Contact Unilever Customer Service at 1-800-298-5018 or here.
Axe
Bryers Ice Cream
Cif
Clear
Cornetto
Dove
Hellman’s
Knorr
Lipton
Lux
Magnum
Pure Leaf
Sun Silk
Surf
Ben & Jerry’s
Brut
Comfort
Klondike
Lever 2000
Marmite
Noxzema
Ponds
Popsicle
Qtips
St. Ives
Sunkist
Suave
V05
Vaseline
Sunlight

Danone

Danone’s sustainability plan.
Contact Danone Customer Service at +33 1 44 35 20 20.

Silk milk products
Activia
Evian
Aqua
Dannon
Oikos

Mondelez International

See Mondelez International’s sustainability plan.
Contact Modelez International Customer Service at 1-855-535-5648 or here.

Halls cough drops
Belvita
Cadbury
Chips Ahoy
Honey Maid
Nabisco
Newtons
Nilla
Mikado
Nutter Butters
Oreos – this one hurts
Original Philadelphia Cream Cheese
Premium Crackers
Ritz
Sour Patch
Tang
Tate’s Bake Shop
Toblerone
Trident
Triscuit
Wheat Thins

Perfetti van Melle

See Perfetti van Melle’s sustainability plan.
Contact Perfetti van Melle Customer Service at + 55 19 3876 7800
Mentos
Air Heads

Mars

See Mars’ sustainability plan.
Contact Mars Customer Service at 1-800-551-0702 or here.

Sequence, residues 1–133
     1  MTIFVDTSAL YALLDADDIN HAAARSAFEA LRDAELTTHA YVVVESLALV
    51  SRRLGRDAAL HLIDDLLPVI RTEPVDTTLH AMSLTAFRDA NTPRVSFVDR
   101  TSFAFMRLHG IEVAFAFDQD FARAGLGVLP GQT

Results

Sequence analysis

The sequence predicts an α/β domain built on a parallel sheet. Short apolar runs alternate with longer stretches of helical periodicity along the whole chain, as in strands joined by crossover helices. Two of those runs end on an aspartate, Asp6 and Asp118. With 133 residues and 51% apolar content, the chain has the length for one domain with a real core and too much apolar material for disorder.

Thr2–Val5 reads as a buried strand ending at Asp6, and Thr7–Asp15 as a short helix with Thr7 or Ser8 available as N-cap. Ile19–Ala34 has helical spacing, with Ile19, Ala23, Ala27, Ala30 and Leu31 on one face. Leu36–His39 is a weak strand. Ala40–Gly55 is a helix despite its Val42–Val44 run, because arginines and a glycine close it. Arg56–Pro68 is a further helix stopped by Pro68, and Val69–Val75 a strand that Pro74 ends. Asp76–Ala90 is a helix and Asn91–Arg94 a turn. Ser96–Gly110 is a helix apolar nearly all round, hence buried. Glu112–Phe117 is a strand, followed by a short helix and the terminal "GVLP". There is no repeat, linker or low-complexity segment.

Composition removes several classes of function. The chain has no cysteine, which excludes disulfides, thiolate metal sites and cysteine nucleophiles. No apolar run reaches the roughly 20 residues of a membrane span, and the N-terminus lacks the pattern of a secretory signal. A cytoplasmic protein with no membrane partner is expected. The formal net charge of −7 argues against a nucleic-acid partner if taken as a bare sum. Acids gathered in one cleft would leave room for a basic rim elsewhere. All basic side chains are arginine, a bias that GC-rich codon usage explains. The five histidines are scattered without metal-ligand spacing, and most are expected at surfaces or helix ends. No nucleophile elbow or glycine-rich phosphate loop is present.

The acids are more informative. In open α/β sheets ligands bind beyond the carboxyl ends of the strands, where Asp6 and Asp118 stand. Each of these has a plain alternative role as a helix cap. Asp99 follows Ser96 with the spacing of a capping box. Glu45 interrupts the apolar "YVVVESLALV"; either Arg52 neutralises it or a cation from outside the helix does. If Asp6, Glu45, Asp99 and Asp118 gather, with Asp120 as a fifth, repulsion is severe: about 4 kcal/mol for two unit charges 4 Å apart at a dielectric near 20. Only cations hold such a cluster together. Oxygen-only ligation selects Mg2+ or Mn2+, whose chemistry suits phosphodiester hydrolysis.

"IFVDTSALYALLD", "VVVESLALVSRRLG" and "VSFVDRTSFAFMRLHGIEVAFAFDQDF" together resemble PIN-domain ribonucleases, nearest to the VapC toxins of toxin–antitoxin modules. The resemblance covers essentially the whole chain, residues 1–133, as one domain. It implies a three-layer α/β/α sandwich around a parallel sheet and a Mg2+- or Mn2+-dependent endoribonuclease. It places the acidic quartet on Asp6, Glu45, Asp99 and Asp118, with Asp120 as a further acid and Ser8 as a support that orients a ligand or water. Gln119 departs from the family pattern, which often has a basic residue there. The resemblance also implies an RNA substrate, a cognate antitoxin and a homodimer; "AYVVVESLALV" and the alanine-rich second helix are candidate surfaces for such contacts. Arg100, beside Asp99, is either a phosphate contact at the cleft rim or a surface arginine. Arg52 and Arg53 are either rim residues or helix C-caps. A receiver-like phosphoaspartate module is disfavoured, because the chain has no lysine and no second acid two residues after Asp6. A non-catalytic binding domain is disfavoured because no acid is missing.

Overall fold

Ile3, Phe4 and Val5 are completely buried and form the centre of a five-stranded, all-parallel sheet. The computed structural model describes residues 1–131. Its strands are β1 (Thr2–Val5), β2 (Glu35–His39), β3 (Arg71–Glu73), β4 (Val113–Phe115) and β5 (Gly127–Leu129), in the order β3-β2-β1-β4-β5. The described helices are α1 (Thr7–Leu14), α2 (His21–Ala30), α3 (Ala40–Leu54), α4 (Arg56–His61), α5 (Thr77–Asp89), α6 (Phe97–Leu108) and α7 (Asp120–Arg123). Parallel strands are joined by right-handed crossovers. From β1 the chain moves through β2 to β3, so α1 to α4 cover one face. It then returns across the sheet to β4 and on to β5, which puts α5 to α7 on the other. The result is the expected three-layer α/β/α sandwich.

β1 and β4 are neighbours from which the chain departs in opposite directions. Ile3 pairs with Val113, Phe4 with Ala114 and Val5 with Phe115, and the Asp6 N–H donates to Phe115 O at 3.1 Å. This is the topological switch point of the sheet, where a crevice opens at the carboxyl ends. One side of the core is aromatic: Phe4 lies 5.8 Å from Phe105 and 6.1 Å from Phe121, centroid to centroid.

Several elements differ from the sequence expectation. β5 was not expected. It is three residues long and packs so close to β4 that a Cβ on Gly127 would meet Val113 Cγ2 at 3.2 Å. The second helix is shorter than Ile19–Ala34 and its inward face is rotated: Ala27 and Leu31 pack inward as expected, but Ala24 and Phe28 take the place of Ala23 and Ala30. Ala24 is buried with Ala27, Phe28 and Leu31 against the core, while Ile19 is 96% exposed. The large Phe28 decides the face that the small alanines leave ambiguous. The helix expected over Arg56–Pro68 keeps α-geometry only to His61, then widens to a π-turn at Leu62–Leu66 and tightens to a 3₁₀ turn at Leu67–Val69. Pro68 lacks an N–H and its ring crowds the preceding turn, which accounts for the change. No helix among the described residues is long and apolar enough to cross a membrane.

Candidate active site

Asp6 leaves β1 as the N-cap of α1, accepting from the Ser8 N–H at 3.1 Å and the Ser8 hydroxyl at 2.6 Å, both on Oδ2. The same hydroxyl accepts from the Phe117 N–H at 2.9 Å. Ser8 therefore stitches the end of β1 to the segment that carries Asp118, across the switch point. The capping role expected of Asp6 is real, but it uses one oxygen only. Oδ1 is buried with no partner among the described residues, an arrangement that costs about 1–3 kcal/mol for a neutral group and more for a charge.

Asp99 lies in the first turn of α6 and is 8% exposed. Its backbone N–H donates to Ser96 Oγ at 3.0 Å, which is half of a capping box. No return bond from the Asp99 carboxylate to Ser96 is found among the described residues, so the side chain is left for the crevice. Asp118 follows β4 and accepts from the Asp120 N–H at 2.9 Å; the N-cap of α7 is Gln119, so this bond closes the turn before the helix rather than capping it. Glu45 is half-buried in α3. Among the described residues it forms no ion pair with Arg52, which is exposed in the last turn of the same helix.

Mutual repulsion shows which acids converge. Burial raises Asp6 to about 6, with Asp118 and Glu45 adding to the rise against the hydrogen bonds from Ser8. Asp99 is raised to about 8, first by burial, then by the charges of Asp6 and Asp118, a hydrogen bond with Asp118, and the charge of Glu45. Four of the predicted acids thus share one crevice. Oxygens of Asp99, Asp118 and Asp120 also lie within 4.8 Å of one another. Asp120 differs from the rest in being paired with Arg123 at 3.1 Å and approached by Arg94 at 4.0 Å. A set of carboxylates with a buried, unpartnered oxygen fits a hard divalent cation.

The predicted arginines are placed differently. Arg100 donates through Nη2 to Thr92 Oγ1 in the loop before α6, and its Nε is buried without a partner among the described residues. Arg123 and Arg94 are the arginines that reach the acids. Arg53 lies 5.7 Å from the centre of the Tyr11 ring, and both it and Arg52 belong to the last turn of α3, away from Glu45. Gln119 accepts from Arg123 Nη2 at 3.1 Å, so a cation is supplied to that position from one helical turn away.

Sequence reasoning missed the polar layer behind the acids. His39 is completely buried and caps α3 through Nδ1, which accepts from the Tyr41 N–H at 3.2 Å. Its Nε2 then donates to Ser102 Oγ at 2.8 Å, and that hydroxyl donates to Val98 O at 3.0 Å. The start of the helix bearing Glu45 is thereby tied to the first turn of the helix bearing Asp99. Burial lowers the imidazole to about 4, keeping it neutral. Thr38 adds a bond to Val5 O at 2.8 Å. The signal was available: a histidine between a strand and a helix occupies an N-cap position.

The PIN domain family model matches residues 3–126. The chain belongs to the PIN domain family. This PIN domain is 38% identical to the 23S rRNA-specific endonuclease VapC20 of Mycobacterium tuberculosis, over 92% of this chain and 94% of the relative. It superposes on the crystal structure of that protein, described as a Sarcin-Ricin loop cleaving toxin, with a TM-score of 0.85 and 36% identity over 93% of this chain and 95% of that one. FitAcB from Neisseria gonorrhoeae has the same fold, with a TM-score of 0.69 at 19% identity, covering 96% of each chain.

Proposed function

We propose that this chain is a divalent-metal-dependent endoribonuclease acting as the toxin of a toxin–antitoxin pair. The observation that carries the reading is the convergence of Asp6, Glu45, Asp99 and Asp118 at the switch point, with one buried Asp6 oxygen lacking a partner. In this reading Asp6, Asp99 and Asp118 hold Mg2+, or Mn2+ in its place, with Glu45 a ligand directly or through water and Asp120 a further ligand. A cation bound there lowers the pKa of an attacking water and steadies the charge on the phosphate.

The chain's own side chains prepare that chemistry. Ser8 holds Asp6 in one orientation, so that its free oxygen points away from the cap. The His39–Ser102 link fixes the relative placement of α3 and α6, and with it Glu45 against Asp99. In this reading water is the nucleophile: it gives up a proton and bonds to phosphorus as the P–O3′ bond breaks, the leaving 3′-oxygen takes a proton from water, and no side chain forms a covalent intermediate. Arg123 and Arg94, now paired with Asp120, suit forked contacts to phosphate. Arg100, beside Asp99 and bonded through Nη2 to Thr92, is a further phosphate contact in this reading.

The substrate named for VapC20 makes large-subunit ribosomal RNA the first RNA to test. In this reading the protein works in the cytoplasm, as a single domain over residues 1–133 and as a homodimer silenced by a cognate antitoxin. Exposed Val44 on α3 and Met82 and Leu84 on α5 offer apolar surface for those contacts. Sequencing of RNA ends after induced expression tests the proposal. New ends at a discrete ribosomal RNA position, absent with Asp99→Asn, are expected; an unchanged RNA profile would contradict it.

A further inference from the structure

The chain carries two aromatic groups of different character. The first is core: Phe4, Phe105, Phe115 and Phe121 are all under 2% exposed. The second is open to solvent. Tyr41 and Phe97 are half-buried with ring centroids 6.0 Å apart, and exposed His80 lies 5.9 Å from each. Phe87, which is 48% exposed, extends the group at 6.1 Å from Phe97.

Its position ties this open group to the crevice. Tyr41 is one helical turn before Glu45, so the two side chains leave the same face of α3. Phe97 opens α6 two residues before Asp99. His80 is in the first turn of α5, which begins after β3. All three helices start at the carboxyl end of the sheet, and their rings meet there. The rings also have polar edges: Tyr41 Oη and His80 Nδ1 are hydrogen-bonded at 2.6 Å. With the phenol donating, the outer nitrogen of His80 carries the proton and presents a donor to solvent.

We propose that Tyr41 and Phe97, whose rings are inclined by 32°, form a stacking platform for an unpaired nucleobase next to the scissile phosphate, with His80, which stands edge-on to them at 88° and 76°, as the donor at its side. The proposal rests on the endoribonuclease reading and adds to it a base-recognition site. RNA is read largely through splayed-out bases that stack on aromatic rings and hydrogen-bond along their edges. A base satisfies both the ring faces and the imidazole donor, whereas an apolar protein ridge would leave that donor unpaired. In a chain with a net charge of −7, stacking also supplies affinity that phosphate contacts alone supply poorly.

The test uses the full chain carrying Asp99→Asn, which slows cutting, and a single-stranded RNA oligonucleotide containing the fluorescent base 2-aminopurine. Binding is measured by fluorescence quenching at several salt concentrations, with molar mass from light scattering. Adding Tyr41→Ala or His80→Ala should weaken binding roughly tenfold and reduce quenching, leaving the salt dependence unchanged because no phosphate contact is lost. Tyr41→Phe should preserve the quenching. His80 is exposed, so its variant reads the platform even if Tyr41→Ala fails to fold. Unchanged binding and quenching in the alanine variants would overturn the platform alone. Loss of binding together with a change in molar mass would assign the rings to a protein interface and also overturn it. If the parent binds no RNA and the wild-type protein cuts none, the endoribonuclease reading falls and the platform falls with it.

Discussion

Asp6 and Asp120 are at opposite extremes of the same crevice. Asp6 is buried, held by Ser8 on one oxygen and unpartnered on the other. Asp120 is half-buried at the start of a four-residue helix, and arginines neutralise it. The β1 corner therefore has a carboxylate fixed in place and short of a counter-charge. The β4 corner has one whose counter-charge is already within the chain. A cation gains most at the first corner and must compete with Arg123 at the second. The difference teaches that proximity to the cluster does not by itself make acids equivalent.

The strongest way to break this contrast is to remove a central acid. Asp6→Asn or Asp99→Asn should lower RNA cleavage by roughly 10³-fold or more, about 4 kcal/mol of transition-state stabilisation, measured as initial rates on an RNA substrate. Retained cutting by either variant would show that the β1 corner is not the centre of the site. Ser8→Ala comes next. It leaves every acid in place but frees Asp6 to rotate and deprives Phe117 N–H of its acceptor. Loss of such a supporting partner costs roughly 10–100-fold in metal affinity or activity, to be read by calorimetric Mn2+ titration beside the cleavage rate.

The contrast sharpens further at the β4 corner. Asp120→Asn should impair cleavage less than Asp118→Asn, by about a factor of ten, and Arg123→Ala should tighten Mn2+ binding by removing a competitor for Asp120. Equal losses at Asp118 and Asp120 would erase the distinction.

Banfield Pet Hospitals
Cesar Dog Food
Dreamies
M&Ms
Twix
Extra gum
Snickers
Royal Canin
Pedigree
Skittles
Bounty
Whiskas
Uncle Bens
Mars
Orbit
Milky Way

“Waste not, want not. The less we waste, the less we lack in the future.”

The proverb has been traced back to 1772, and is first cited in the United States in the 1932 ‘Topper Takes a Trip’ by T. Smith…” From the “Random House Dictionary of Popular Proverbs and Sayings” by Gregory Y. Titelman (Random House, New York, 1996).




#zerowaste, #plasticfree, #disposable plastic, #ecofriendly
<img src="a-list-of-plastic-producers-pinterest.jpg" alt="biggest plastic polluters in world">
<img src="biggest-plastic-polluters.jpg" alt="biggest plastic polluters in world">